Andrew Schultz – Le Molière Imaginaire for eight voices, Opus 99 (2015)
Text by Timothy Knapman, after the final scene of Molière’s Le Malade Imaginaire. Composed for brilliant English vocal group I Fagiolini, as part of Musica Viva Australia’s 2015 International Concert Season. Commissioned for Musica Viva Australia by Geoff Stearn. World premiere performances in late July and early August 2015 in Sydney, Melbourne, Canberra, Newcastle, Perth and Adelaide.
Do you like the sight of blood
In a trickle, spurt or flood?
And would you like to disembowel,
Amputate and do such foul
Things that, in the aftermath,
Would get you labelled “psychopath”?
You could learn to be a doctor.
Causing pain’s their stock-in-trade!
[Prologue, Le Molière Imaginaire. Timothy Knapman – text, Andrew Schultz – music.]
Molière hated doctors and it seems the feeling was mutual. Molière’s play Le Malade Imaginaire (The Imaginary Invalid, 1673) was his last. He was seriously ill when writing it and died a few hours after a performance in which he had played the major role of Argan, the wealthy hypochondriac. Throughout the play, Molière heaps scathing wit on the money-raking quackery of his medical contemporaries. Some 25 years later, an English doctor visiting Paris considered Molière to have had ‘as much malice as wit.’
The last scene of the play is in fact a musical interlude – one of three in the play. It consists of a faux medical graduation ceremony in which a budding doctor is put through his paces by the medical fraternity and tested on his capacity to provide the right solutions to various hypothetical scenarios. In keeping with the spirit of farce the ceremony is enacted in bizarre pig-Latin – not quite Latin, French or Italian, but a mixture of all three signifying the pomposity of the occasion. The medical ceremonies of the time were apparently quite elaborate with music, costumes, processions and speeches in Latin.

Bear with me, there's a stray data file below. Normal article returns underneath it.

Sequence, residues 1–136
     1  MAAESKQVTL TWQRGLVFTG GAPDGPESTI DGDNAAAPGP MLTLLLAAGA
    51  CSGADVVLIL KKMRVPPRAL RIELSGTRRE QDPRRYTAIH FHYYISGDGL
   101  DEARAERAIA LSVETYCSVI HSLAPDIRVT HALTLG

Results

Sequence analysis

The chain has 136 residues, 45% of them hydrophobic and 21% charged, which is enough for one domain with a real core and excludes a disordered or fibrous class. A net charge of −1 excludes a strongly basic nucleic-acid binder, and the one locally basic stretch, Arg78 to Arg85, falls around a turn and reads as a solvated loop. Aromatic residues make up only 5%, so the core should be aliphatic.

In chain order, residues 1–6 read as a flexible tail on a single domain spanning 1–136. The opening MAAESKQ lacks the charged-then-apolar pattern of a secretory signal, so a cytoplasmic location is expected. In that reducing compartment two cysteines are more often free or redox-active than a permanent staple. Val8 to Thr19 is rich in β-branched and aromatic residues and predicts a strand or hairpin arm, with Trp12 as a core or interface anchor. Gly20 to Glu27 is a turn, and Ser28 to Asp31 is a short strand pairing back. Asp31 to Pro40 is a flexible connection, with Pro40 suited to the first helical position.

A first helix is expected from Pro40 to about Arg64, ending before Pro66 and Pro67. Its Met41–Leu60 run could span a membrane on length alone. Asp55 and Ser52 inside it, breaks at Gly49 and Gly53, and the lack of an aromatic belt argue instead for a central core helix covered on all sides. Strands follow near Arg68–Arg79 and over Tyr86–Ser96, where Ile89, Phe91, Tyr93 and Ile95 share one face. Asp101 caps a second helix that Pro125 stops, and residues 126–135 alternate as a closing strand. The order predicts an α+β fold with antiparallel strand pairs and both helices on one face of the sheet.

Whilst living in Paris at the Cité des Arts in 2014, I became interested in the fact that neither of the two main English translations of the play attempted an English version of this last scene; both leave the final scene in its original form. Perhaps this was because of the bizarre dexterity of the language or the idea that it somehow would be known and understood because of the Latin. So, after much encouragement and support from I Fagiolini’s erudite artistic director, Robert Hollingworth, and the aid of some Latinistas and Molière enthusiasts a new and contemporary version of the scene has been created by the English writer, Tim Knapman and myself for unaccompanied voices.
Carl Vine’s review of the premiere: https://musicavivaaustralia.wordpress.com/2015/07/28/carl-vine-on-i-fagiolinis-newcastle-concert/
More information: http://www.musicaviva.com.au/whatson/international-concert-season-2015/musicians/IFagiolini
ABC Classic Fm will broadcast the concert by I Fagiolini, including Le Moliére Imaginaire, at 1pm on Thursday 20 August: http://www.abc.net.au/classic/music-listings/?date=2015-08-20